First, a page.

Seattle’s Best Coffee is scheduled to simultaneously open 10 new drive-thru-only units in the Dallas-Fort Worth market in the wee hours of Monday morning, marking a potential new era of growth for the chain.
Seattle’s Best aims to make a splash in the market, where it has committed to open 15 drive-thru-only units within the next 60 days, including one franchise location.
“Going into a marketplace and making a commitment in a market is really important,” Seattle’s Best Coffee vice president and general manager Frank Sica said.
Parent company Starbucks Corp. has pledged to grow the small-footprint model after testing it in Seattle and Chicago last year. Seattle-based Starbucks has been positioning its secondary Seattle’s Best brand as a more affordable premium coffee option that is available to customers on the go in a variety of nontraditional locations.
The 523-square-foot units have walk-up service but no seating, and will offer a range of portable and value-positioned food-and-beverage combos, all priced under $5. Over the past few weeks, about 150 full- and part-time employees were trained to prepare for the synchronized openings.
The move puts Seattle’s Best in more direct price competition with other quick-service brands known for breakfast, including McDonald’s, Jack in the Box and — perhaps most directly — Dunkin’ Donuts, Sica said.
Dunkin’ Donuts, which also competes against Seattle’s Best and Starbucks with packaged coffee in grocery stores, has been aggressively growing throughout Texas in an ongoing move into Western states.
Sica said Seattle’s Best drive thrus will also attempt to capture the many Texans who buy coffee from convenience stores and gas stations.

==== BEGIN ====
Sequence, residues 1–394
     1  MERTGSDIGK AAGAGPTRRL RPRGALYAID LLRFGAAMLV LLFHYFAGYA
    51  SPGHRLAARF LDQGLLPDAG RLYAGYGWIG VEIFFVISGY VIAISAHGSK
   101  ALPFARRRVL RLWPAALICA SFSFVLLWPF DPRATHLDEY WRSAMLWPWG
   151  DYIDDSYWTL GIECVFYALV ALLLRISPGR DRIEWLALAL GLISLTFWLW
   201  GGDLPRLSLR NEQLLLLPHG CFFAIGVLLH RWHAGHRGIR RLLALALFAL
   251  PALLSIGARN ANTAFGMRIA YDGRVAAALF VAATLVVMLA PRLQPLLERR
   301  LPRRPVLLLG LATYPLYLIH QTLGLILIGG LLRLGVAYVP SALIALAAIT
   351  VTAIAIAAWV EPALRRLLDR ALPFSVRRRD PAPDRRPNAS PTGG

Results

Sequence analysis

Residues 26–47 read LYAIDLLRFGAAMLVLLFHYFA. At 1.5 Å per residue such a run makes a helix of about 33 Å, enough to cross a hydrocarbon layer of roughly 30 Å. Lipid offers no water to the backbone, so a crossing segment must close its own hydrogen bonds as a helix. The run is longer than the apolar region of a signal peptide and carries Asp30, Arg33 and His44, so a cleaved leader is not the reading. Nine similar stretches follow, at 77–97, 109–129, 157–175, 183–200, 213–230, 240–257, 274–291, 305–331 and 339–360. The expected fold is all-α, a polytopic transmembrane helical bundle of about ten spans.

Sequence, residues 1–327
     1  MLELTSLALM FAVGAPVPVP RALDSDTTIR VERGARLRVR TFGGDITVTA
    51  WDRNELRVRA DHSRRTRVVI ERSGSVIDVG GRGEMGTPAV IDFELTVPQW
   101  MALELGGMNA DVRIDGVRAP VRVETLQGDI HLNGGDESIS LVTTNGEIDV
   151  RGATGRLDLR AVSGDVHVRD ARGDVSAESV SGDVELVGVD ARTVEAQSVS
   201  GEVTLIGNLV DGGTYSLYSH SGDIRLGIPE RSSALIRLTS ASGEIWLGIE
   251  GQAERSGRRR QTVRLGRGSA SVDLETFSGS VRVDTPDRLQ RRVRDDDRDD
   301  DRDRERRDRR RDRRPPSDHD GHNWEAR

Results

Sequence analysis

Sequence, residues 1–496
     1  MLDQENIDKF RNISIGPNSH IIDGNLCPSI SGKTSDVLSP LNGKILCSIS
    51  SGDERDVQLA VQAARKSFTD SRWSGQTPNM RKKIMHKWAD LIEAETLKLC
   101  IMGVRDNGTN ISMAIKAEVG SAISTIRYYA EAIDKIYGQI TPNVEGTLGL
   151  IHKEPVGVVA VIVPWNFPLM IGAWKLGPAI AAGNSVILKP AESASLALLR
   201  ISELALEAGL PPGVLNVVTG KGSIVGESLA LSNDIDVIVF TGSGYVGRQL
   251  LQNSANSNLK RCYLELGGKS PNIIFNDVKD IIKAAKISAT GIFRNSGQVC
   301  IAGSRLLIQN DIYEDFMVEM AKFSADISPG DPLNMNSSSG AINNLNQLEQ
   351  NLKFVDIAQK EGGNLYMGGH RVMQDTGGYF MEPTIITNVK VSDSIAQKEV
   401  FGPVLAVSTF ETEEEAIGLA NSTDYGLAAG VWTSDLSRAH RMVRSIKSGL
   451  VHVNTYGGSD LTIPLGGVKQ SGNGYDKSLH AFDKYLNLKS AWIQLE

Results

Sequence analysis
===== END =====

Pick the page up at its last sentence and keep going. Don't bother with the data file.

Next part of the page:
“Our targeted consumer is looking for everyday value and taste,” Sica said. “They’re looking for a better cup of coffee and a better breakfast.”
The menu features 12 “all-day combos,” including a medium coffee, soda or tea. Food options include various breakfast sandwiches on muffins or biscuits; stuffed pretzel melts with chips; and sweet or savory pies, such as caramel apple or spicy mac ‘n’ cheese pie. Combos range in price from $3.49 to $4.69.
The units also offer signature coffees inspired by desserts, such as a caramel candy latte, birthday cake latte or s’mores mocha, available hot, iced or frozen, for $3.29 to $3.99, depending on size. Basic hot or iced coffees range in price from $1.29 to $1.99.
The 10 units were built in DeSoto, Texas, and transported on flatbed trucks to their various locations across Dallas-Fort Worth, which include commuter routes, busy intersections and shopping centers.
According to Seattle’s Best officials, Dallas County has more commuters driving from another county than any region in the country.
The drive thrus are open from 4:30 a.m. to 10 p.m. on weekdays and 6 a.m. to 10 p.m. on weekends.
Sica said Seattle’s Best is planning a robust program to evaluate what consumers like and don’t like about the drive thrus, using online surveys, customer intercepts and focus groups. It also plans to evaluate the impact on the brand’s sales of packaged coffee in grocery stores and other retail outlets.
“We believe there are tremendous growth opportunities for retail and other channels,” Sica said.
If deemed successful, the model will be rolled out to other markets across the country, he said, but the company is not ready to reveal the next market that might be targeted.
Seattle’s Best has been reinventing itself over the past few years. In 2011, the chain lost almost 475 retail outlets in Borders bookstores when that company liquidated. Last fall, the chain had about 100 locations, but saw more shrinkage as leases came up for renewal in what Sica called “the normal course of business.”
With the 15 units in Dallas, Seattle’s Best will have 75 coffeehouse locations. The brand’s coffee is also available through more than 50,000 other points of distribution, including restaurant chains like Burger King and Taco Bell, hotels, airlines, college campuses, movie theaters and grocery stores.